By periodically applying bursts of microwave radiation, the researchers rotated the spin-nematic many-body fluctuations, halting the squeezing and the relaxation toward stability. The researchers investigated a range of pulse periods and phase shifts to map a stability diagram that compares well with what they expected theoretically.

"The net effect is that the many-body system basically returns to the original state", stated Michael Chapman. "We reverse the squeezing of the condensate, and after it again evolves toward squeezing, we cause it to return. If we do this periodically, we can maintain the Bose-Einstein condensate in this unstable point indefinitely."

The control technique differs from active feedback, which measures the direction in which a system is moving and applies a force counter to that direction. The open-loop technique used by Michael Chapman's group applies a constant input that doesn't vary with the activity of the system being controlled.

"We are periodically kicking the system to keep it in a state where it doesn't want to be", he stated. "This is the first time we have been able to make a many-body spin system that we can stabilize against its natural evolution."

Controlling and manipulating single-particle quantum systems or simple collections of atoms, electrons and photons has been a focus of the physics community over recent decades. These capabilities have formed the foundation for technologies such as lasers, magnetic resonance imaging, atomic clocks and new atomic sensors for magnetic fields and inertial guidance.

Now, researchers are studying more complex systems that involve many additional interacting particles, perhaps thousands of them. Michael Chapman and his group hope to help extend their knowledge of these more complex many-body systems, which could lead to developments in quantum computing, quantum simulations and improved measurements.

"The long-range goal of our work is to further the understanding of quantum mechanics and to develop new technologies that exploit the often counter-intuitive realities of the quantum world", Michael Chapman stated. "Quantum many-body systems are being actively explored, and one of the things you'd like to do is be able to control them. I think this is one of the cleanest examples of being able to control a quantum many-body system in a manifestly unstable configuration."

In addition to Michael Chapman, other co-authors of the paper include T.M. Hoang, C.S. Gerving, B.J. Land, M. Anquez and C.D. Hamley. This research is supported by the National Science Foundation (NSF) under Award PHY-1208828.

Source: Georgia Institute of Technology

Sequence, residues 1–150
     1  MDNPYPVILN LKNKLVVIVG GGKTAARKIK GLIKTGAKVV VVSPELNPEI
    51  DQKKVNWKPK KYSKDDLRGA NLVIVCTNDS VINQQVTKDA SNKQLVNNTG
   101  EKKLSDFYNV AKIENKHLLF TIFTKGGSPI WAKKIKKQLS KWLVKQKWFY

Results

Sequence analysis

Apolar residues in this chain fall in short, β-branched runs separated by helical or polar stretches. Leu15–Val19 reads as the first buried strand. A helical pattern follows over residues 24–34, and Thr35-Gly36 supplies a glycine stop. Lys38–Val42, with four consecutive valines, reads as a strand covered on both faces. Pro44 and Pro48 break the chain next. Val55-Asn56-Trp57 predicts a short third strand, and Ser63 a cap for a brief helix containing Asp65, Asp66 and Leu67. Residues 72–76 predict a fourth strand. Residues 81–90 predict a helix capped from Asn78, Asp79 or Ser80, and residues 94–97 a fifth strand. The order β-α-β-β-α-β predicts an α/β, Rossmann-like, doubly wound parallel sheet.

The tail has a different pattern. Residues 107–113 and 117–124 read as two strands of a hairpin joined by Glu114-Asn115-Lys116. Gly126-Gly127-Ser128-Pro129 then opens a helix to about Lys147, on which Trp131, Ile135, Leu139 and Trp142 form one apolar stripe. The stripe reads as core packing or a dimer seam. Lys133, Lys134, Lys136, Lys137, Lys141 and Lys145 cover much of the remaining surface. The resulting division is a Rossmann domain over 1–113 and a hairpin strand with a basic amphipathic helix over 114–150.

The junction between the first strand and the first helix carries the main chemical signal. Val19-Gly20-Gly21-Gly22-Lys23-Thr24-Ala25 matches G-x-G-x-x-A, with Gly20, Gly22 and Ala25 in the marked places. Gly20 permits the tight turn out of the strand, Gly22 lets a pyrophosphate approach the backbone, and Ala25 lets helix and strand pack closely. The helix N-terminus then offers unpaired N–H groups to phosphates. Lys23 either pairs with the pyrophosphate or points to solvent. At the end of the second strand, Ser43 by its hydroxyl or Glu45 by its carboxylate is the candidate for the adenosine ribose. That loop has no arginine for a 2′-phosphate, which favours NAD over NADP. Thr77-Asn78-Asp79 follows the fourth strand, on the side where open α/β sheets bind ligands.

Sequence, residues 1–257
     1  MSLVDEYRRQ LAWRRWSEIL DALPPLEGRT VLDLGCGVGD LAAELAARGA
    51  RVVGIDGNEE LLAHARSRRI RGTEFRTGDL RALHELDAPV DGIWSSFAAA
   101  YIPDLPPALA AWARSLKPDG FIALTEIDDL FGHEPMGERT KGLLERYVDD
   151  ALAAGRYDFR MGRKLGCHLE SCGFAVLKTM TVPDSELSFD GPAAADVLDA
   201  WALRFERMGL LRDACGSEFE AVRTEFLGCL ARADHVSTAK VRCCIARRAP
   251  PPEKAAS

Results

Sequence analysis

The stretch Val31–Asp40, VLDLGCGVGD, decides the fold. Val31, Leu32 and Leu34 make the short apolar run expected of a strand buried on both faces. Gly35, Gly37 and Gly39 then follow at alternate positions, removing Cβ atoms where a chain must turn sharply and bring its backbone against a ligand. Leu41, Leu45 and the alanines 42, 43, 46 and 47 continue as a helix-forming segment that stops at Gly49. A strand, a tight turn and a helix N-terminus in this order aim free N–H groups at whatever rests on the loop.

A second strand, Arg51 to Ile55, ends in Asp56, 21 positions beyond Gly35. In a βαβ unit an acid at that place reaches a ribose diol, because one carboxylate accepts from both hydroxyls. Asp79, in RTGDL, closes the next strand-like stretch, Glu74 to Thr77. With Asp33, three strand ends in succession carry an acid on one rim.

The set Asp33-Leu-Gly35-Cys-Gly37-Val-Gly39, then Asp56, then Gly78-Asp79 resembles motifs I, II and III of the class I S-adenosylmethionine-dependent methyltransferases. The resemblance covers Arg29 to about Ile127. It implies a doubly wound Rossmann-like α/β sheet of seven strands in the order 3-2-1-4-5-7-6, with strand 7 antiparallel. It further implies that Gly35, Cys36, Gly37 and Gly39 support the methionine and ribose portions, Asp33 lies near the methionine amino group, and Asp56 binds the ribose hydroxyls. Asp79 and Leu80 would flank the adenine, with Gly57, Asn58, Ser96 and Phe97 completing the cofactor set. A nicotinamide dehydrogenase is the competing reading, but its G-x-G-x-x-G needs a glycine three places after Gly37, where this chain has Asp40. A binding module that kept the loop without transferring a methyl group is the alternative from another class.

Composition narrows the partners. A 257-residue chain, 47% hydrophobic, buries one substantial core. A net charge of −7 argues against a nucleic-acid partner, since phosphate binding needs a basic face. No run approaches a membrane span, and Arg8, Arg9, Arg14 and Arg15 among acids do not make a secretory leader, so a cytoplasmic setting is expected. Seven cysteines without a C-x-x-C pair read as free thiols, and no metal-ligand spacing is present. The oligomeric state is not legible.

Back to Table of contents

Primeur weekly 2013-09-02

Focus

Using one Cloud for Cloud computing today? Perhaps two Clouds? In the future there will be MultiClouds. An interview with Dana Petcu of the West University of Timisoara ...

The Cloud

VMware delivers vCloud Hybrid Service ...

HP and SAP collaborate to deliver HP As-a-Service solution for SAP HANA ...

Dell delivers innovative Cloud and virtualization solutions blending VMware technology with Dell end-to-end offerings ...

New FICO software enables data scientists to transform Big Data into predictive models ...

Smart is the new green in Latin America ...

VMware management solutions demonstrated on stage at VMworld ...

HP and Yorkshire Building Society boost agility for financial services providers ...

IBM closes acquisition of CSL International ...

University of California deploys Huawei's Cloud storage system to support computational astrophysics research ...

Desktop Grids

Neutron stars in the computer Cloud ...

EuroFlash

Video Design brings Dataton WATCHOUT and WATCHPAX to InfoComm India 2013 ...

New UK/USA agreement will use high performance computing to boost economic competitiveness ...

Immanuel Bloch is to receive the Körber Prize 2013 ...

Light on twenty-year-old mystery ...

University of Tübingen physicists create interface between atoms and superconductors ...

USFlash

Allinea tools help Canada close innovation gap ...

Dell furthers commitment to Asia with transformative technology solutions from the data centre to the end device ...

Control scheme dynamically maintains unstable quantum system ...

Hadoop release 2.1.0-beta available ...

Mapping the Earth's magnetosphere to predict and prepare for space-weather events ...

EMC and VMware join forces around software-defined storage and VMware virtual SAN ...

HP and VMware enable customers to unify data centre networks ...

OSC hosts first meeting of the MVAPICH Users Group ...

Vampir takes a bite out of inefficiency as codes run on bigger supercomputers ...

HP helps HoneyBaked Ham of Georgia manage seasonal demand via tenfold performance boost ...